Starting in 2012, the U.S. Consumer Product Safety Commission (CPSC) teamed up with football helmet manufacturers, the National Football League (NFL), and others to eliminate the use of outdated football helmets and teach safer game play among youth football players. The “Youth Football Brain Safety” initiative has helped remove youth helmets that are 10 years old or older and replace them with new helmets at no cost to the youth football leagues. In exchange for these new helmets, coaches must participate in training aimed at building awareness of concussions, proper equipment fitting and safe play methods. The training component is at the heart of the program’s goal of culture change through raising new generations of football players who value safety.

The helmet replacement and safer play initiative has proven an effective way to win support from critics of football helmet safety, such as U.S. Senator Tom Udall (D-NM), a member of the Senate Commerce Committee. Senator Udall also introduced the Children’s Sports Athletic Equipment Act of 2011 and authored a letter to CPSC Chairman Tenenbaum requesting an investigation into helmet safety standards. Winning the attention and gratitude of Senator Udall was therefore no small feat. Senator Udall said in a statement, “I am pleased to see the NFL, USA Football and manufacturers working together to make sure our young football players are not wearing 10-year-old helmets that no longer meet industry safety standards. Increasing awareness of equipment safety and sports concussion will help protect young players from injury.”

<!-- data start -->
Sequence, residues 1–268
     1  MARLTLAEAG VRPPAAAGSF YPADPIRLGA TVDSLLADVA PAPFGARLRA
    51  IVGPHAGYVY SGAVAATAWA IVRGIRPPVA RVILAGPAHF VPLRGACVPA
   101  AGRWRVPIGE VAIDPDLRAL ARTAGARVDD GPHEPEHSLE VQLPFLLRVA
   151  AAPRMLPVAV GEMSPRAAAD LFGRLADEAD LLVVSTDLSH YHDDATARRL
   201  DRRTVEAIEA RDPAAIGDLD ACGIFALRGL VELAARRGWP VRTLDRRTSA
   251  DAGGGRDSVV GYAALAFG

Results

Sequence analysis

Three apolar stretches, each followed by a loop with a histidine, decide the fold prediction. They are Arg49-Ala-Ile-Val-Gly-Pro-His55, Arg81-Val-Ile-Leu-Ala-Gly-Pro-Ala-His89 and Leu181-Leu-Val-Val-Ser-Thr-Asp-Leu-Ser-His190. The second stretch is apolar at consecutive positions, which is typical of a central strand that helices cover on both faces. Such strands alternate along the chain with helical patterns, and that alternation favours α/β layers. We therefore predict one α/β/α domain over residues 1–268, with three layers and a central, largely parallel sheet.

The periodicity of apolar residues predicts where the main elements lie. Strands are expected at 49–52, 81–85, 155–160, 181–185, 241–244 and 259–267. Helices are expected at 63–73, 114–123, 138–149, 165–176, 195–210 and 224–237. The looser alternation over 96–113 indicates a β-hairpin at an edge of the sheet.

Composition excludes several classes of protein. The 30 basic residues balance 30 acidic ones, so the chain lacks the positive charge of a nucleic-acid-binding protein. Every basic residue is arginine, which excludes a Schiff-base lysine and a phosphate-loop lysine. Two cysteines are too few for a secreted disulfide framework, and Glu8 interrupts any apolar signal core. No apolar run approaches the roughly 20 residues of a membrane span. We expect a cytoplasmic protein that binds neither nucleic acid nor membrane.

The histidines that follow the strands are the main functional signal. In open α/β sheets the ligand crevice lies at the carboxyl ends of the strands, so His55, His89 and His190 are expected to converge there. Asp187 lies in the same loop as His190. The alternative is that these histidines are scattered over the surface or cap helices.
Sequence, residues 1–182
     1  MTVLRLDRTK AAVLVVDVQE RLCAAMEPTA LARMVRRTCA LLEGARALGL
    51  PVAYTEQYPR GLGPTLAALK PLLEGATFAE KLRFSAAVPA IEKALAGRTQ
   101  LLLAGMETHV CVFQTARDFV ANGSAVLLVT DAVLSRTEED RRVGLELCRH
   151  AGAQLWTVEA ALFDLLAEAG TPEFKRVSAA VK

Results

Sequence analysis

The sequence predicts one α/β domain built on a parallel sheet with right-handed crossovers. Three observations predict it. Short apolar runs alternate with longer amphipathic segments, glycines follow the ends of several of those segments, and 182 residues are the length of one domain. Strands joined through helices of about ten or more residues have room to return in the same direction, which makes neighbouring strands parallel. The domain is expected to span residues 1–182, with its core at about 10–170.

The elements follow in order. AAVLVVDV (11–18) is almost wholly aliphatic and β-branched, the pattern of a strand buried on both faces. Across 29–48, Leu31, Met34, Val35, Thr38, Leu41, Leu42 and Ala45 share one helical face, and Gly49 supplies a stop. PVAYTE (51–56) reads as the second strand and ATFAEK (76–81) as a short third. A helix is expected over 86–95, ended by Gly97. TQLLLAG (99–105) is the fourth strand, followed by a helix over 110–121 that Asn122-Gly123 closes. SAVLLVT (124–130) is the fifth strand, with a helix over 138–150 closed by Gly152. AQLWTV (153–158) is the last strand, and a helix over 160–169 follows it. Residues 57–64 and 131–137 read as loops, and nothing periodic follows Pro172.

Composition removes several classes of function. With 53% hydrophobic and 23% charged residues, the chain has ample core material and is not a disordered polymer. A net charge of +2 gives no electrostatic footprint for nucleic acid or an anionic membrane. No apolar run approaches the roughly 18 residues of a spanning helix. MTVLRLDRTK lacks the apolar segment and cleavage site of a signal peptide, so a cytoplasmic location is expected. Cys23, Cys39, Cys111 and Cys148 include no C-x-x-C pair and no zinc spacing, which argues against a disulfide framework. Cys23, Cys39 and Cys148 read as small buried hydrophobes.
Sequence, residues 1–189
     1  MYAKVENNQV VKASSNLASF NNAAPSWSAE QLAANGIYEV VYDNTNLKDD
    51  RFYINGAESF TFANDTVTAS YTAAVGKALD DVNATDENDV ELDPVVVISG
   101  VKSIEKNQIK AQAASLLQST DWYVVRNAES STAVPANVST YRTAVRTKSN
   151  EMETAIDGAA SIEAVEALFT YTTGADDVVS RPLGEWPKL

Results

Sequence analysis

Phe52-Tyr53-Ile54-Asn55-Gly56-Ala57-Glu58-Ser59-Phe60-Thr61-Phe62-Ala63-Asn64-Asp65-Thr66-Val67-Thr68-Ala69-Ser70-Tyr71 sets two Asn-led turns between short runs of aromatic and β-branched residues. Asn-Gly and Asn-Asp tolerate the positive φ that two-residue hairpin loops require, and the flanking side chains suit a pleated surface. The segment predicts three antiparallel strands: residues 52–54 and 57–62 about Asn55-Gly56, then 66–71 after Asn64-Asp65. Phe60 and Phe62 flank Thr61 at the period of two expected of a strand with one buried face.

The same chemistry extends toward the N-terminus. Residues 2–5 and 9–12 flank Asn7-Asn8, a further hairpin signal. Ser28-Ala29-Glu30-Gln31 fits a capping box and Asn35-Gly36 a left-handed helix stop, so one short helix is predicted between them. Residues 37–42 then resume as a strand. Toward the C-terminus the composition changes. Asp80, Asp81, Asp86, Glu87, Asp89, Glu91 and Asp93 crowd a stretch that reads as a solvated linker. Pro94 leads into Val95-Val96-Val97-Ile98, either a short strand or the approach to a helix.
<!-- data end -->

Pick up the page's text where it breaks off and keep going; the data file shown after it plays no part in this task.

Partnering with organizations such as the Centers for Disease Control and Prevention (CDC), the National Athletic Equipment Reconditioners Association, Rawlings and Riddell, the program has shown that a public-private partnership can be an effective way to encourage product safety. It has recently inspired more major youth football programs, such as Pop Warner Football for youth, to improve their players’ safety by partnering with USA Football. With these results, the Youth Football Brain Safety initiative could prove to be an effective model for companies looking to meaningfully but practicably deal with product safety issues associated with their products.

Alice Kilpatrick